One Final Thought

Then here was a very specific question regarding the responsibility to “report” a business professional for their lack of integrity.  HHHMMMM  A challenge to be sure.  If a law has been broken or we have experienced a business professional doing something that has been defined as unethical by their field, yes, we have a responsibility and a right to report it.  If someone has done us wrong, we have the right to no longer choose to do business with them.  We have the freedom to not recommend them to another person.  The temptation in situations like this, however, is to want to take personal action against the individual as a means of exercising a personal vendetta, to get revenge.  This is where we are invited to trust in the law of KARMA!  We are not going to make an unethical business person change their ways.  We are not going to re-sculpt the moral landscape of an otherwise dishonest person.  All we have in this situation is, “It is none of my business,” and the invitation to trust in karma….the universe will work it out in the end and it only takes time and energy away from our own gifts and call to dwell on the way the person has done us wrong and on thoughts of all the ways in which we hope to “set it right.”  SIGH!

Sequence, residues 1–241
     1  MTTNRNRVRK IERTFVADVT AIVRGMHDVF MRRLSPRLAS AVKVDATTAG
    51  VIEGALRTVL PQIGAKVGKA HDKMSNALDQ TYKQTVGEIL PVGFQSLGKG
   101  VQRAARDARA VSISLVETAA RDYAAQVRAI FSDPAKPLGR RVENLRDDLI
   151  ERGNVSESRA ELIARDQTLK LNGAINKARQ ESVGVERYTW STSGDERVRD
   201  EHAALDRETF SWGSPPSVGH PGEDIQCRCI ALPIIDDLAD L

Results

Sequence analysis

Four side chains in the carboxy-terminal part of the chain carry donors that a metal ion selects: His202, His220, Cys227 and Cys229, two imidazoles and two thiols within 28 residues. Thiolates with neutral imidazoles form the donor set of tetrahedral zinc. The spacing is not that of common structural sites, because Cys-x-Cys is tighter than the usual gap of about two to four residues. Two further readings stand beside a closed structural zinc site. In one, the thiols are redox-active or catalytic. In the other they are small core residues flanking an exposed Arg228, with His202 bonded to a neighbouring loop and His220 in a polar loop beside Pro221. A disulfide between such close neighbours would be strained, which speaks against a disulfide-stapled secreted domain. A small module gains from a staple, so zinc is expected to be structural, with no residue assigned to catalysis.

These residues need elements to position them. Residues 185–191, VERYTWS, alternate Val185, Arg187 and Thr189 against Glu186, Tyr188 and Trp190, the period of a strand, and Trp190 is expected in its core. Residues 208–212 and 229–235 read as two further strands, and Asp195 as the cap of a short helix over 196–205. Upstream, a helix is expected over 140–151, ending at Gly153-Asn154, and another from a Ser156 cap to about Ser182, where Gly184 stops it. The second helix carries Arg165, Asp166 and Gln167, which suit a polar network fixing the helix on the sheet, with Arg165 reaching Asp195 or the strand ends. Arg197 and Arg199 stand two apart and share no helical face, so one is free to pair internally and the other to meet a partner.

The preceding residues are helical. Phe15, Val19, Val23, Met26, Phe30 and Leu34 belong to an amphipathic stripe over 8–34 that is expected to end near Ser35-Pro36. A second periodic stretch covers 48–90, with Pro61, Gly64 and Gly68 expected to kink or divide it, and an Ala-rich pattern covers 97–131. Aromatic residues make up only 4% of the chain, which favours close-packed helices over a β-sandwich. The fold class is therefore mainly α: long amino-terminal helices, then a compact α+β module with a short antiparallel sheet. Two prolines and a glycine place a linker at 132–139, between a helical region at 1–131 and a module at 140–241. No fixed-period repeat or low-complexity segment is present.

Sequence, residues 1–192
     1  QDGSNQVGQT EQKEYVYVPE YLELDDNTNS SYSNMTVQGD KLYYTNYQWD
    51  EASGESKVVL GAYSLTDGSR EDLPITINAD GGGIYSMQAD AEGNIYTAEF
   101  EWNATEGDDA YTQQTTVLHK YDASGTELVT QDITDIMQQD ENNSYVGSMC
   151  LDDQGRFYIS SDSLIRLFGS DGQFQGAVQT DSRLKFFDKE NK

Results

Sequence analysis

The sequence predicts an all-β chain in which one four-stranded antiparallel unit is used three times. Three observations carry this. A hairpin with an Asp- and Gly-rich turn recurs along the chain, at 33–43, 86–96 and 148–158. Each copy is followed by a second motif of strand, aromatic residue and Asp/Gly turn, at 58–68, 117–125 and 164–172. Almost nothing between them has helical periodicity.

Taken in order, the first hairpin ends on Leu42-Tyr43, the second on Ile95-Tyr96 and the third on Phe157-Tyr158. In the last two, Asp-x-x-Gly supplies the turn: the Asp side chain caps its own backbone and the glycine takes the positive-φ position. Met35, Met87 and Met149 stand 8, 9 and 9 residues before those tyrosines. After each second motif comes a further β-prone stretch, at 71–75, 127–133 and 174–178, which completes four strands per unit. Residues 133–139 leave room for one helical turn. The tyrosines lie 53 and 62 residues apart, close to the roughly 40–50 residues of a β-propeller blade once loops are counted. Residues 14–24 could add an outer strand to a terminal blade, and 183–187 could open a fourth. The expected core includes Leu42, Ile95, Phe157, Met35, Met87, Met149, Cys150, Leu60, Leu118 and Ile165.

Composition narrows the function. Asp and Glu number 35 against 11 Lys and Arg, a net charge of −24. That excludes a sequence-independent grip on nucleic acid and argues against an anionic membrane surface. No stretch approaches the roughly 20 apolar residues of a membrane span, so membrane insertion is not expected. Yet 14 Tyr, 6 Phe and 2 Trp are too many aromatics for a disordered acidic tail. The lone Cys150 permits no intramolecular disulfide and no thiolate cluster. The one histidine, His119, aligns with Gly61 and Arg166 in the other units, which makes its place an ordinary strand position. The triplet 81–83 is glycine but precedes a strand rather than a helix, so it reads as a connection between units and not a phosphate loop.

Where do you spend time in unnecessary worry about another’s life?

How do you balance the call to advocacy and the invitation to detachment?

Where do you project your own ideals, morals, values on another?

Where are you tempted to seek revenge against another who has personally harmed you?

Lauri Lumby

Authentic Freedom Ministries